Workplace site visits conducted by U.S. Citizenship and Immigration Services are not protecting against fraud in the H-1B program, according to a new report by the Office of the Inspector General, which oversees the agency and conducts audits of its operational efficiency.
“USCIS site visits provide minimal assurance that H-1B participants are compliant and not engaged in fraudulent activity,” according to the report titled, “USCIS Needs a Better Approach to Verify H-1B Participants.”
In its findings, the report determined that USCIS is conducting a limited number of visits, that the agency lacks standardized policies to ensure anti-fraud officers are thorough and take proper action when they discover fraud or noncompliance, and that it is not using the results of site visits in adjudicating subsequent H-1B petitions to prevent recurring violations. The report also criticized the agency for not collecting performance data for its targeted site visit activity or for H-1B employees whose visas have expired or been revoked.
“By failing to take more proactive steps to identify petitioners with prior unverified site visit results and ensure that subsequent petitions submitted by these petitioners are not approved, USCIS permits noncompliance — including fraud — to perpetuate in the H-1B program,” the report concluded.
The report made four recommendations that USCIS has accepted. The agency is introducing the following changes in 2018 to address each recommendation.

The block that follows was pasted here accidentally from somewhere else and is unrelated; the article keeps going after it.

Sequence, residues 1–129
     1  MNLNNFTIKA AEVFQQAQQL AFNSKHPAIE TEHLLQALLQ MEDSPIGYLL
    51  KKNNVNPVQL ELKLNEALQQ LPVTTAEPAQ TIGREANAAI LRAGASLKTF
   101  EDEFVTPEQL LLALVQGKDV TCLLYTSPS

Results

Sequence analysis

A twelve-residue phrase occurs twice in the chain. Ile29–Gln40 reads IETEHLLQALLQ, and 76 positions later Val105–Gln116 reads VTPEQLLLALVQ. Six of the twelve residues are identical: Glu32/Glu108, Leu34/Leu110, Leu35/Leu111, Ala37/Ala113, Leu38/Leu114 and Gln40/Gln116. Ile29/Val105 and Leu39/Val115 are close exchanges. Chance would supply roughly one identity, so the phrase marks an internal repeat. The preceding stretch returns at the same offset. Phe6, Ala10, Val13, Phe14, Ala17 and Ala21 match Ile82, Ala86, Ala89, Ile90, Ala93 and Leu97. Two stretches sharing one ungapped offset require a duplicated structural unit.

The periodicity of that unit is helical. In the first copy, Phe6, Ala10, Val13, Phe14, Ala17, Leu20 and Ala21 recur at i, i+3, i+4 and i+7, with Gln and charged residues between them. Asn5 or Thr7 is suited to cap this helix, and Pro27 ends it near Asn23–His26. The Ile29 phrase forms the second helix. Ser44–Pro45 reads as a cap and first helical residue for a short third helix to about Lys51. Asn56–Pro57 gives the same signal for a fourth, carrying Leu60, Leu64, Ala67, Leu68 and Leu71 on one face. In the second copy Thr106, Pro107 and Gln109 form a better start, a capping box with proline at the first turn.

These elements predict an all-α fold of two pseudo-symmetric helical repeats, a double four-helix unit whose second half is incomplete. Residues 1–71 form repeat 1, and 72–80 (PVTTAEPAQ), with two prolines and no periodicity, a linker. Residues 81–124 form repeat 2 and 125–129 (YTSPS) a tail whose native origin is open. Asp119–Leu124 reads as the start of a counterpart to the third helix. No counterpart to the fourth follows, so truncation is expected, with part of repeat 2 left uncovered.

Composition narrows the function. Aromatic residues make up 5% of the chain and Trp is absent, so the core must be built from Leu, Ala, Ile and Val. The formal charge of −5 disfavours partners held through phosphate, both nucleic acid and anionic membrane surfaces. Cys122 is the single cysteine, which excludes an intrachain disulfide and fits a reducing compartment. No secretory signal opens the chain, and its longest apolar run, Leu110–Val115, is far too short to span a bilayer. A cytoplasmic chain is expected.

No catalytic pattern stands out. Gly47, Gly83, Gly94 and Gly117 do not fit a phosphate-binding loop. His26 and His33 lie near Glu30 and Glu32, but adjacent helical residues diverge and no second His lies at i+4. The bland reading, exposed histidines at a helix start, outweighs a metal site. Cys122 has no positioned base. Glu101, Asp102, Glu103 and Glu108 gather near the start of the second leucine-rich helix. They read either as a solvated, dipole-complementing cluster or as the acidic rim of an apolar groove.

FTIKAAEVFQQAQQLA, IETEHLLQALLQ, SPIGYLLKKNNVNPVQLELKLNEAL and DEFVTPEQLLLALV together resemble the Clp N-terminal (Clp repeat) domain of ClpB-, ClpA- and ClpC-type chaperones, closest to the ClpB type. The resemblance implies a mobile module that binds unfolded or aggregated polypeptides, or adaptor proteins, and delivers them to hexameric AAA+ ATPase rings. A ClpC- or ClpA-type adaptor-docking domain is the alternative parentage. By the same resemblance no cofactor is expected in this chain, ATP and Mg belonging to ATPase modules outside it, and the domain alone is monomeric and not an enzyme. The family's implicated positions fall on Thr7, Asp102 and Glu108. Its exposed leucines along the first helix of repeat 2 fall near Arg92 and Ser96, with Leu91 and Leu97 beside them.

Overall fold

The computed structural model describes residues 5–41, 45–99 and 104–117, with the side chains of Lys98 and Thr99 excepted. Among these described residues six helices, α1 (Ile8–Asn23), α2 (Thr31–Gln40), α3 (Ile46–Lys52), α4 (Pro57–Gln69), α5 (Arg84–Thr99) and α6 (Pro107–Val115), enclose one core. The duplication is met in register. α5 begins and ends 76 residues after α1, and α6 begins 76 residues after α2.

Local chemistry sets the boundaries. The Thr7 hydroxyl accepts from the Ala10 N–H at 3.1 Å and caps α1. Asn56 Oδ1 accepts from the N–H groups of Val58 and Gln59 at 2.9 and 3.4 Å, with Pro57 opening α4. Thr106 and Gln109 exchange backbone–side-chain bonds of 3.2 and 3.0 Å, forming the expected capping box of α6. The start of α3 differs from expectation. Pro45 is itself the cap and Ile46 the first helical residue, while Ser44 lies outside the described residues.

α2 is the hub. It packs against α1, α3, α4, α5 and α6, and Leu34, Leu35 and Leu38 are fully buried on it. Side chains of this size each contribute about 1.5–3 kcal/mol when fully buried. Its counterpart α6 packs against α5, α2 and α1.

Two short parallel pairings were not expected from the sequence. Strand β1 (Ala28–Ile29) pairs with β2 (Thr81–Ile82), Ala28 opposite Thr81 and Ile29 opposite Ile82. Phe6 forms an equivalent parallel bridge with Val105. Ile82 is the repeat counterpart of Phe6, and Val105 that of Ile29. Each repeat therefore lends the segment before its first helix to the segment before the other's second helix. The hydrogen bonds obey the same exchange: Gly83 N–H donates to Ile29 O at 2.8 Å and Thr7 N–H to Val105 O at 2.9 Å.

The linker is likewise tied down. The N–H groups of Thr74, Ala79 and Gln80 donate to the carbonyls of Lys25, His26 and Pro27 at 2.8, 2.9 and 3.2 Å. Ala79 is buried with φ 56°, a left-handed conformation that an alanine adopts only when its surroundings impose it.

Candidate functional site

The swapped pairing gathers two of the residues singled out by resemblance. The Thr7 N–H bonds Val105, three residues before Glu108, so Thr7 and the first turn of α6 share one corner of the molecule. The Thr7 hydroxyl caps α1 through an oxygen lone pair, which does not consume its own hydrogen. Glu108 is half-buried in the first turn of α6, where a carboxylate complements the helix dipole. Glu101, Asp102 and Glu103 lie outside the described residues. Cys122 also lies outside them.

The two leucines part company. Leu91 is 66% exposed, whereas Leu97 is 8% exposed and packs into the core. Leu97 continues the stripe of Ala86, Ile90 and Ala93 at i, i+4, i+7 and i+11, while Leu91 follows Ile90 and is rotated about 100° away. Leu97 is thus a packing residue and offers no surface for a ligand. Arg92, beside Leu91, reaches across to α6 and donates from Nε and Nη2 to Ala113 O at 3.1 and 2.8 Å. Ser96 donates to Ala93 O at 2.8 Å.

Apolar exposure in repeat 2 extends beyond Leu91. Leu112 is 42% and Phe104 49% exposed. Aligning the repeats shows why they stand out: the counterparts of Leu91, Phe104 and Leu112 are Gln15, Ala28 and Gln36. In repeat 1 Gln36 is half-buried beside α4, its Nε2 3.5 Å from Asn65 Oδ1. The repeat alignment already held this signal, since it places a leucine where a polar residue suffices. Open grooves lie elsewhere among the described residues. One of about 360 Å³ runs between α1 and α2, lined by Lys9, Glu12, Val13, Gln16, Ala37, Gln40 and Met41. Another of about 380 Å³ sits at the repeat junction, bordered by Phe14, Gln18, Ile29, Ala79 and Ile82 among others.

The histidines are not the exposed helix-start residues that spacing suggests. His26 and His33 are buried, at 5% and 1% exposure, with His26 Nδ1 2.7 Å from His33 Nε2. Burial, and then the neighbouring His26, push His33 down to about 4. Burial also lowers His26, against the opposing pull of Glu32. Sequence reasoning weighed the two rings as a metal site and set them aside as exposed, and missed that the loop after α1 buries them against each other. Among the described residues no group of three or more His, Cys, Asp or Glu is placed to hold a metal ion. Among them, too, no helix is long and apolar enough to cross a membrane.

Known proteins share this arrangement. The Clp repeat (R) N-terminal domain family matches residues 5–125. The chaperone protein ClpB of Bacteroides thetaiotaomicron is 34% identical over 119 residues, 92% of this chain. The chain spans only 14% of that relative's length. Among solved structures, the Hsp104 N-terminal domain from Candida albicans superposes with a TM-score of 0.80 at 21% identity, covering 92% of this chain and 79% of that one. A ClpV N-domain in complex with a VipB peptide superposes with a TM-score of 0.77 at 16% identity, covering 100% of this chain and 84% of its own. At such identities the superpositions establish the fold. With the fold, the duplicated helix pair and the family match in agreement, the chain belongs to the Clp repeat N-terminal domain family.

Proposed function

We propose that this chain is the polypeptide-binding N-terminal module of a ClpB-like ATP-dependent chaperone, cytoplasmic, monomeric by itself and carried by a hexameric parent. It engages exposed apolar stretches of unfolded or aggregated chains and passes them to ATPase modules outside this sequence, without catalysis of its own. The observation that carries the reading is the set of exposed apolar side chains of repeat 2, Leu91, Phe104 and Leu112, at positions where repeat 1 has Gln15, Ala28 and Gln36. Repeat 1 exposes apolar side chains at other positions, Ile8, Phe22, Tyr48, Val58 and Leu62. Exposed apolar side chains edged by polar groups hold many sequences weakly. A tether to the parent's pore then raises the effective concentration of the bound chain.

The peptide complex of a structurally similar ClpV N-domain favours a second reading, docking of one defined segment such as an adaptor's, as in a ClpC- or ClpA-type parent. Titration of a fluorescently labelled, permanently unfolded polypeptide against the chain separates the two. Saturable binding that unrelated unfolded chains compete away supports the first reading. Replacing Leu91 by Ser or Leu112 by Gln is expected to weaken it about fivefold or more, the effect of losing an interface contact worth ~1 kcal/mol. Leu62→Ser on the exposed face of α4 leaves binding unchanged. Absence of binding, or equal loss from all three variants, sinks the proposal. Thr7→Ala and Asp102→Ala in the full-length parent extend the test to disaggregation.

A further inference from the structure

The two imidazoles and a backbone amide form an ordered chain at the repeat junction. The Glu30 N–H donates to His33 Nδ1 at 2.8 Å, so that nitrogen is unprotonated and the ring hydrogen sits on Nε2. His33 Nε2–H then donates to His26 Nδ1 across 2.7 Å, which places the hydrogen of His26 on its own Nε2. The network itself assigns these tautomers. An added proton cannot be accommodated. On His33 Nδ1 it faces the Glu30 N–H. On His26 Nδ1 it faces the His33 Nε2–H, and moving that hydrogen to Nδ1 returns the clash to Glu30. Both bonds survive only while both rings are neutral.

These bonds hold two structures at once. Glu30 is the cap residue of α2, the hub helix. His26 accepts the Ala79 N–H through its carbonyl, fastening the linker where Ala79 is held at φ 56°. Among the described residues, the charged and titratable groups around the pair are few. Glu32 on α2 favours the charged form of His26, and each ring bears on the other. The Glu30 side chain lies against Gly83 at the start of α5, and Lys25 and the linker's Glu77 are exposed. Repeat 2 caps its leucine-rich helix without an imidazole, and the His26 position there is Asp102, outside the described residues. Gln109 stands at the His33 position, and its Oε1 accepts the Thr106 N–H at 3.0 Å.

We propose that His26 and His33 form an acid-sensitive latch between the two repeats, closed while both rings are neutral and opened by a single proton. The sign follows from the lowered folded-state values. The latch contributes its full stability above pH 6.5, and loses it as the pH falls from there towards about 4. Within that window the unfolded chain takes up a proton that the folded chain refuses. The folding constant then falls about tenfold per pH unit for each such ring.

- Tracking H1B site visit activity. USCIS is introducing the Targeted Site Visit and Verification Program, which will track H-1B site visits by the Fraud Detection and National Security unit (FDNS). The site visits will be visa-specific and use risk criteria, a hybrid between randomly-selected “compliance” visits and “for cause” visits based on fraud red flags during processing. FDNS guidance is expected by the end of June 2018 and the program is expected to be completed in September 2018.
- Sharing site visit information with other agencies. USCIS will enhance information-sharing with the Department of State and the Department of Labor. The DOL will share access to Labor Condition Applications with USCIS and the DOL will be able to access the USCIS VIBE database of employers who are under investigation or who are found to have committed fraud. USCIS is in the final stages of providing State Department officials with access to site visit information to use when adjudicating visa applications and it is working on an agreement under which the DOS would share derogatory information discovered during visa adjudications with USCIS. USCIS also plans to share site visit information with the Department of Justice for investigating H-1B employers who discriminate against U.S. workers.
- Doubling the number of site visits. Under the Targeted Site Visit and Verification Program, site visits will be more targeted and more frequent, doubling in number to 20,000 each year and increasing annually based on budget and priorities. To reduce turnover of immigration officers who conduct H-1B site visits, the agency will hire additional officers at a higher wage by the end of 2017.
- Using site visit results in H-1B adjudication. The FDNS is training officers on a current USCIS policy that closely scrutinizes H-1B petitions for technology workers and that expects more consistent site visit results, assisting the agency in prioritizing adverse decisions against fraudulent or noncompliant employers. The training program is to be completed by the end of June 2018.
BAL Analysis: The report sends a strong signal to USCIS to more heavily focus on fraud and potential abuse in the H-1B program. Companies employing H-1B workers should anticipate that USCIS will increase the number of H-1B-specific workplace site visits, will share information with the DOS, the DOL and the DOJ, and that adjudicators will increase the use of adverse site visit results to deny subsequent H-1B petitions to employers found to be noncompliant.